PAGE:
This Response to Our Podcast Exposes the Classism in Animal Welfare
In our podcast from last week, Are We Loving Shelter Pets to Death, we challenged people who believe that free adoptions are detrimental to dogs to examine where this belief comes from. One of the points we made is that there is classism behind this belief. We all have our own level of bias and it’s important that we deal with it.
We received an email from a woman involved in animal rescue (we are not naming her or her rescue) who had a lot to say about our podcast and our take that being anti-free adoption events is classist. Unfortunately, all her email did was prove our point that classism is a strong undercurrent in animal welfare.
Because she is most certainly not the only one who feels this way, we decided to respond to her email publicly. Here is our point by point response:
“I read the article on “Are we loving shelter pets to death?” I disagree with free adoption. It has nothing to do with thinking they will be abused.
No. It isn’t.
This is not true at all. If a dog is a stray, chances are we don’t know its background or who its owners were. When we do know who their owners are, we don’t usually know their income level or anything about them.
The assumption that 90% of dogs in shelters are abused or neglected is an outdated one and one that does an incredible disservice to shelter dogs. These assumptions are most often false and they are based on nothing more than extremely biased guesswork.
Assumptions don’t make for good policy and they don’t help dogs or people.
Listen to the episode
Honestly, I’m not sure what to say about this level of discriminatory thinking. This is downright disgusting. This was the line that made us want to write about this publicly. We can say all we want that classism is behind people’s dislike of free adoption events, but sometimes you have to show people to make them believe it.
This person clearly showed us who she is.
The reality is that people on a low income often feed their dogs before they feed themselves. Again, you could talk to anyone who works within their community to help people and their dogs and you’d find this to be true.
Now, let’s address the truly infuriating line: “start abusing them out of their own failures in life.”
People on a low income include veterans, the elderly, and people with disabilities. Are those people failing in life? Are those people responsible for the fact that society as a whole tends to not think of them as actual people? Are those people responsible for their own marginalization, lack of accessibility, and income inequality?
No, they aren’t.
Seventy-eight percent of Americans live paycheck to paycheck. Studies say that millions of Americans are one health crisis away from poverty. Are cancer survivors at fault for their financial state? Are people suffering from chronic illnesses at fault?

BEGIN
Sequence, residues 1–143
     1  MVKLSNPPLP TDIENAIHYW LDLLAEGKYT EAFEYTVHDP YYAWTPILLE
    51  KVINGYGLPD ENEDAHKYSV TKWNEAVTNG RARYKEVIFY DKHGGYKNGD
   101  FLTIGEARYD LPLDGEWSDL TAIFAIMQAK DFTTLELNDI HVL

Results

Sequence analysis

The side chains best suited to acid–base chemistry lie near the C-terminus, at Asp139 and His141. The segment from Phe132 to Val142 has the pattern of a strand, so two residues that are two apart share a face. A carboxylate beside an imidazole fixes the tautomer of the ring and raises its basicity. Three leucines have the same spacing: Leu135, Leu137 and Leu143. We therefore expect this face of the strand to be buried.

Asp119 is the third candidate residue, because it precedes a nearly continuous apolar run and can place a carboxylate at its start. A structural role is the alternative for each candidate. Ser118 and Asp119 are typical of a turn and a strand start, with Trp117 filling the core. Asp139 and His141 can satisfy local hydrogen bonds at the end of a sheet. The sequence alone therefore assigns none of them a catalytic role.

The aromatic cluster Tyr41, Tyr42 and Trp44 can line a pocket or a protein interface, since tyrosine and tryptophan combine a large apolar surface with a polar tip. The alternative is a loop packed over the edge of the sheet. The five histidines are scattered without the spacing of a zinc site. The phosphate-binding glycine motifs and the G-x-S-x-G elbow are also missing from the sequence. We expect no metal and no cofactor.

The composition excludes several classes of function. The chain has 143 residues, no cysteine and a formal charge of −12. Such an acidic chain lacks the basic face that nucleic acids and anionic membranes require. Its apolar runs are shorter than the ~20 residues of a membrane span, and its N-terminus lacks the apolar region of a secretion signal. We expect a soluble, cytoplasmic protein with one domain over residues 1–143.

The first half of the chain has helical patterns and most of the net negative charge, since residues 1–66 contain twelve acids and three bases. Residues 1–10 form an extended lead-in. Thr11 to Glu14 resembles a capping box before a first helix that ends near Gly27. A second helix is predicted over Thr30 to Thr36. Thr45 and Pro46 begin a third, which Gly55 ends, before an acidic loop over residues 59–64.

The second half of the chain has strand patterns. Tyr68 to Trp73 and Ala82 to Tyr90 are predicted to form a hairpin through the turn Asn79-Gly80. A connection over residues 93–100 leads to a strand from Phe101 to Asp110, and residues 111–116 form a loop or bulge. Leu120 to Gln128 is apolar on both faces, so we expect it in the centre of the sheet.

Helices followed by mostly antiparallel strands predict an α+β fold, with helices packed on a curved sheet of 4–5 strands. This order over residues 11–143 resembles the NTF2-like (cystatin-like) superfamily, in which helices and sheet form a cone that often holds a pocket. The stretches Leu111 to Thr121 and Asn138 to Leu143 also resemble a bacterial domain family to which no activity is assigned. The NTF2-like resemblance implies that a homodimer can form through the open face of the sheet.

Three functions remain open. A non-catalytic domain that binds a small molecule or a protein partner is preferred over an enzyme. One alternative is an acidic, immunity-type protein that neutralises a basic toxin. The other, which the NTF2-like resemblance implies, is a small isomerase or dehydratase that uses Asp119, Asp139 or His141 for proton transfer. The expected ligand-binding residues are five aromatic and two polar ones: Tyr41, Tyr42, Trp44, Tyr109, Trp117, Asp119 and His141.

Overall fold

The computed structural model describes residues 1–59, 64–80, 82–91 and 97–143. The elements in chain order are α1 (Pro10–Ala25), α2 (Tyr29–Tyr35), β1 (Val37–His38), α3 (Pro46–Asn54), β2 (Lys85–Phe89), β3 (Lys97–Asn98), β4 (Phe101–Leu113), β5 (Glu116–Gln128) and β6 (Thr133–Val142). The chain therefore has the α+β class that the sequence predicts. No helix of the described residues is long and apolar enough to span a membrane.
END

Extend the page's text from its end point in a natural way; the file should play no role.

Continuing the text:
This “rescuer” is saying that they absolutely are.
There is no room in animal welfare for classism
Currently, tens of thousands of people are being forced to work without pay due to the government shutdown. Do you know what real animal welfare workers and volunteers are doing? Helping them feed their pets. They aren’t blaming them for things that absolutely aren’t their fault.
They are helping them, because that’s what humans do for one another. Because that’s how you preserve the human-canine bond.
“An adoption fee is not meant to make money, it is in place to ensure the “shelter, rescue, pet” will get vaccinated, neutered/spayed, and cared for.“
This is 100% true. Rescues often cannot waive their adoption fees because they run on an extremely limited budget. But our podcast wasn’t about free adoptions for rescues. It was about free adoptions for high intake shelters. Limited intake rescues don’t have the same issues.
“People that take “free” dogs cannot afford them, then weeks or even months later they are returned to the shelter or reach out to rescues to “rehome” the dog.”
Many people of all different income levels adopt dogs during these events. For many, they’ve been thinking about getting a dog for a long time and this sort of event is the thing that gives them the nudge to do so.
As we pointed out in the blog that accompanied our last podcast, studies show that these dogs are no more likely to return to the shelter than dogs adopted at any other time.
There’s also the very classist assumption that people on a low-income can’t possibly love a dog as much as someone of a higher income.
Anyone who works in animal welfare will tell you that people of all income levels return dogs to shelters or abandon them. And the reasons why people do this vary widely. It’s not always for lack of love.
She spelled “discriminate” wrong.
You can’t advocate for companion animals if you discriminate against their companions.
No, they don’t.
What sets dogs and people up for failure is blatant and cruel discrimination. Patting oneself on the back while looking down your nose at others is inhumane.
You can’t advocate for dogs and dehumanize people at the same time.
There is no room in animal welfare for classism.
Thanks for coming to our Ted Talk.
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